Not in any war game I've ever played or seen played. About 10 years of 40k.

 

Really?  That's odd.  I learned that particular rule in Warhammer Fantasy, and you should have seen the flame wars over on the Warmachine forums when PP decided to allow unlimited measuring from your warcaster.  GW games were always the most restrictive on measuring, and some of the last to convert to allow premeasuring.

 

I won't guarantee that your experience is necessarily the minority, but here's at least one nice big citation for "It's cheating":

 

http://www.belloflostsouls.net/2011/05/goatboys-40k-thoughts-how-people-cheat.html

 

Major GW-oriented blog, one of the better known bloggers, several years old, first thing on the "How People Cheat" list.  So it's probably not a fringe corner case that nobody's ever heard of ;)

VanorDM likes this

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Asteroids are placed before ships, correct?

 

Also, keep in mind that 5 range is MUCH longer than the 5 forward movement template.  The 5 forward template is about as long as range 2.5.

5 Template is exactly range 2. Just for reference.

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Oh great, another thread that is going to go down the "good sportsmanship" rabbit hole.   :(

 

 

And so it has.  Perhaps this actually is something that FFG would address in the future but if you can use the range ruler and templates as you wish to set up ships allowing the same to set up asteroids certainly makes sense.

 

 

I've mentioned the idea of custom star maps with "pre measuring" already done when it comes to measuring die-hards.  It may be my imagination but I can easily see those people who venomously oppose any measuring, except in a very specific incident with no possibility of measuring anything else accidentally, as being the very same people who would have no trouble allowing someone to use a printed playfield that may just happen to have strategically placed reminders on it.  The possibility of this is why you aren't supposed to use them in official play.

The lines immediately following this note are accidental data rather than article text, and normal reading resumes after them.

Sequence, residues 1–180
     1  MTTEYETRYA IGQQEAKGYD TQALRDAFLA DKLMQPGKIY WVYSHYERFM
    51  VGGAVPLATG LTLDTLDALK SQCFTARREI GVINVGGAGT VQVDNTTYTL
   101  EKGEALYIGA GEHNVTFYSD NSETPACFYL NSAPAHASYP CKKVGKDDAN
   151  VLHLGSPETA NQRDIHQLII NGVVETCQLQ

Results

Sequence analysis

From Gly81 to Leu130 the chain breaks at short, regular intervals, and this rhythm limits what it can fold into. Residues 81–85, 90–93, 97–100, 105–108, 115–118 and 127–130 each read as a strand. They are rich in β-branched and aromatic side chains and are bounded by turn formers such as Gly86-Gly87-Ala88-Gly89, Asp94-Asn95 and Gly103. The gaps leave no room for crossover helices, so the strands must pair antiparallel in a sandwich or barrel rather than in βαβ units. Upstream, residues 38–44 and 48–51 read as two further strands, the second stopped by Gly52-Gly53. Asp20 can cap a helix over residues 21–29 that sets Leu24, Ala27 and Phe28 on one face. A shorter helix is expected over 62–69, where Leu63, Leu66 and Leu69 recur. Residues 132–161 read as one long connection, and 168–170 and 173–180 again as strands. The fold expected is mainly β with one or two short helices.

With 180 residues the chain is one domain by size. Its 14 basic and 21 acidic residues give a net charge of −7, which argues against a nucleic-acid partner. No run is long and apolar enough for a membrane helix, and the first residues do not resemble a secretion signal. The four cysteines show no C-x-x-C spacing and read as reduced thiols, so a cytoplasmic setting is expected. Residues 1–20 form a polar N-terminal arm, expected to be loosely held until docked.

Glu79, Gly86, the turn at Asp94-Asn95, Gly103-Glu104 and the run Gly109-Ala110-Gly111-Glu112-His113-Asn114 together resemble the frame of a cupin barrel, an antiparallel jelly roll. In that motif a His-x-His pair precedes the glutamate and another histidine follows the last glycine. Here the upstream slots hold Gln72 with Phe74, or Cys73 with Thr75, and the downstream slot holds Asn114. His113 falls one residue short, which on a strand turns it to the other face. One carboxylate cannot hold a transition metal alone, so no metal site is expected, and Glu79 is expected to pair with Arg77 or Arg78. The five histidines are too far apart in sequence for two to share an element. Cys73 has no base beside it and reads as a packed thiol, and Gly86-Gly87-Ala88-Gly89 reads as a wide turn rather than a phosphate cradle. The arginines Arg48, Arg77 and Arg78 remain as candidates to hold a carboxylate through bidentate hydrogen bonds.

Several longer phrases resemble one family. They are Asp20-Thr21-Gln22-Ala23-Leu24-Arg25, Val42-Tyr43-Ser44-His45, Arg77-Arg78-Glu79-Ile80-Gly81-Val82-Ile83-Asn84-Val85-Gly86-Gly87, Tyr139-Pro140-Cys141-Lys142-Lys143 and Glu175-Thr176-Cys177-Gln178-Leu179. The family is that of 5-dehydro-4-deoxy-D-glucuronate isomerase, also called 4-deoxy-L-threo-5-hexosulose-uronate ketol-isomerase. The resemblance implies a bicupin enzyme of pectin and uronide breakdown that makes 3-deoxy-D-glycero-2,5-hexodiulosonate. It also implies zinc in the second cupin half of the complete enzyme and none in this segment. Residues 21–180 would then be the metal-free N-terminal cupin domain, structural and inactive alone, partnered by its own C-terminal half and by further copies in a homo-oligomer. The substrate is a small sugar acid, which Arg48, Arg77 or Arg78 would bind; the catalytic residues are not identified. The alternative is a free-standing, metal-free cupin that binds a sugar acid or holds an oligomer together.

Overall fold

Now since we are on the topic of asteroid placement do I dare point out the difference between the "rule" and the "tournament rules" where the basic rules allow one player to pick his side AFTER asteroids have been placed?  If sides are picked after asteroid placement that would certainly promote a more neutral placement instead of making asteroid placement an important skill to develop if you want to play at the highest levels.

Edited by StevenO

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It may be my imagination but I can easily see those people who VENOMOUSLY oppose any measuring, except is a VERY SPECIFIC incident with no possibility of measuring anything else accidentally, as being the very same people who would have no trouble allowing someone to use a printed playfield that may just happen to have strategically placed reminders on it.  The possibility of this is why you aren't supposed to use them in offical play.

 

So just to make sure here, you're bringing up an issue nobody's discussed here, putting it out there, and declaring the opinions of anyone who disagrees with you without anyone else actually weighing in at all?  I'm sure there's a term for that, but I'm not sure it wouldn't set off language filters.